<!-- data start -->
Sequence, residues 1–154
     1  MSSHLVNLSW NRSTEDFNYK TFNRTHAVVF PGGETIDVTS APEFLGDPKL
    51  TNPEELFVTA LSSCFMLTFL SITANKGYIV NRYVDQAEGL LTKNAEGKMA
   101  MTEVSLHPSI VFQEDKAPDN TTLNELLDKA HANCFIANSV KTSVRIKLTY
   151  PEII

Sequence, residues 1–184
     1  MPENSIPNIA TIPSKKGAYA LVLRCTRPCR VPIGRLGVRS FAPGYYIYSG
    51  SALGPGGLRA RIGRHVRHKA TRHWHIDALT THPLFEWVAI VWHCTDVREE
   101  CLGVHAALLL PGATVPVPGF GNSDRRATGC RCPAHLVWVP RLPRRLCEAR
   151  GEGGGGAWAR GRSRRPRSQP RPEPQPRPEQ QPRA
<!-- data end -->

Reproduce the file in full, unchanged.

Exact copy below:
Sequence, residues 1–154
     1  MSSHLVNLSW NRSTEDFNYK TFNRTHAVVF PGGETIDVTS APEFLGDPKL
    51  TNPEELFVTA LSSCFMLTFL SITANKGYIV NRYVDQAEGL LTKNAEGKMA
   101  MTEVSLHPSI VFQEDKAPDN TTLNELLDKA HANCFIANSV KTSVRIKLTY
   151  PEII

Sequence, residues 1–184
     1  MPENSIPNIA TIPSKKGAYA LVLRCTRPCR VPIGRLGVRS FAPGYYIYSG
    51  SALGPGGLRA RIGRHVRHKA TRHWHIDALT THPLFEWVAI VWHCTDVREE
   101  CLGVHAALLL PGATVPVPGF GNSDRRATGC RCPAHLVWVP RLPRRLCEAR
   151  GEGGGGAWAR GRSRRPRSQP RPEPQPRPEQ QPRA